Wednesday, April 18, 2012

Tennis Ball Sandwich

An oldie but goodie - the Tennis Ball Sandwich. This is another activity that has bonus benefits. The obvious benefits are improved agility and coordination. The bonus is the teamwork component.

In its simplest form, two players pair up. One places a ball on his/her strings and the other covers the top of the ball, forming said sandwich. They carry the ball together to some destination, say, baseline to net and back. First team there wins. Any drops and the team must go back to the starting point, reset the sandwich, and start over. Super easy to make this into a relay activity if you have a large group.


  • Add layers to your sandwich by having three, four, five or more teammates carrying with balls layered between multiple racquets. For example let's say the object is to move from the baseline to the net and back. Once this has been accomplished, a third player on the team adds a ball sandwiched by his/her racquet. So now your sandwich consists of two balls and three racquets. This new team travels up to net and back; then add a third ball and a fourth player etc. until entire team has moved up to net and back without dropping. This could take a while!
  • You don't have to use a racquet. You can sandwich a ball between the knees and compete individually or as a relay team.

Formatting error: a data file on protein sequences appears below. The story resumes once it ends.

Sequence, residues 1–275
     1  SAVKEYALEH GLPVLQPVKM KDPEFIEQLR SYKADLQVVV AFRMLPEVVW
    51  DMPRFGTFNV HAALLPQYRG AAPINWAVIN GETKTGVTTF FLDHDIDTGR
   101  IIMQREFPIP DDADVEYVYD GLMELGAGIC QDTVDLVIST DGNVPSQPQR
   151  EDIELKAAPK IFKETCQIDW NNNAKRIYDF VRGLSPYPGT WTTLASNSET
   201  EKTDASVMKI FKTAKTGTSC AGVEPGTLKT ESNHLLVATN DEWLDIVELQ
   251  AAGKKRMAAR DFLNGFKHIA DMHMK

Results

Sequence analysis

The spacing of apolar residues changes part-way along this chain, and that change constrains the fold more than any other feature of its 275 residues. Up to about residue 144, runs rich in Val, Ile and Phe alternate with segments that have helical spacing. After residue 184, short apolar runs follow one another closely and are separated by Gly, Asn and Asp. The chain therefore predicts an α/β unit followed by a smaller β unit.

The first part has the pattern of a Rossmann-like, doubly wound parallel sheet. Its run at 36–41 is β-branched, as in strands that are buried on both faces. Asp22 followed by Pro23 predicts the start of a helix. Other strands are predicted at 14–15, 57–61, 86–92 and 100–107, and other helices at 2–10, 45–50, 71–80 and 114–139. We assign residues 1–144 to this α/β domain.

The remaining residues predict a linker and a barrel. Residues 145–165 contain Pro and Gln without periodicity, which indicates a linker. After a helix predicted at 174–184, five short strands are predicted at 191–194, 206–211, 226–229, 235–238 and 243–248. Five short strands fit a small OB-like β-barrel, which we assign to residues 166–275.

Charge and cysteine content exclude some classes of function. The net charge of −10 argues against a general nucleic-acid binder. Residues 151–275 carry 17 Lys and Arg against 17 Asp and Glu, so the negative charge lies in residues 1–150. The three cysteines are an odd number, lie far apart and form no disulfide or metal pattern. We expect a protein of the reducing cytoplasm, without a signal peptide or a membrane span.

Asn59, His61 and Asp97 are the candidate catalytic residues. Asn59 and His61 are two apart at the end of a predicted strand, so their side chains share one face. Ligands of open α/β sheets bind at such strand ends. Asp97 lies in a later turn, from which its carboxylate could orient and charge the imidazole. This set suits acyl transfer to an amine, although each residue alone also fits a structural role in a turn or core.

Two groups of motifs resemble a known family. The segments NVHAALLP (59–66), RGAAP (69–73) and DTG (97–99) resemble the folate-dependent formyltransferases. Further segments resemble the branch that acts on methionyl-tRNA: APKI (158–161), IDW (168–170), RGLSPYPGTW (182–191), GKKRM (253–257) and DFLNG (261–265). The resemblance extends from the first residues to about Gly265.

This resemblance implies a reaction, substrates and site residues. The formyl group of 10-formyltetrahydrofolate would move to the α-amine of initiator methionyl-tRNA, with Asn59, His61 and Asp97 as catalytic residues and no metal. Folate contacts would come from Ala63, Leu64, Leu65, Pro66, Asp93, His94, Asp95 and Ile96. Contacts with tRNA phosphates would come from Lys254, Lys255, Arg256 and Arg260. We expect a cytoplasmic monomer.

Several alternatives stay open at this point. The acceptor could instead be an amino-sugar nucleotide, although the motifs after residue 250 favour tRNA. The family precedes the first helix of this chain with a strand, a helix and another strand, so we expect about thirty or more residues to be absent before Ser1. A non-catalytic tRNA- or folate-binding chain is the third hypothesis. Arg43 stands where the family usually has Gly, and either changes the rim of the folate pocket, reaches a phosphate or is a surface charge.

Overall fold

• Or compete as a pair but sandwich the ball between your shoulders.
  • Rather than returning to the starting point, when you get to the net or other side of court or wherever your route takes you, deposit ball in empty tennis ball can or other container without using your hands. If you are doing the racquet sandwich, you must drop it in using the racquets. If you are using your knees or shoulders, ditto - maneuver yourself over the container and let the ball drop. No cheater-cheater-pumpkin-eaters! If you do this container version, you can add a timing component to the activity - whichever team gets the most balls in their container within, say, three minutes or so, wins.
  • Up the ante by turning a straight line course into an obstacle course using cones or other items to break up the route.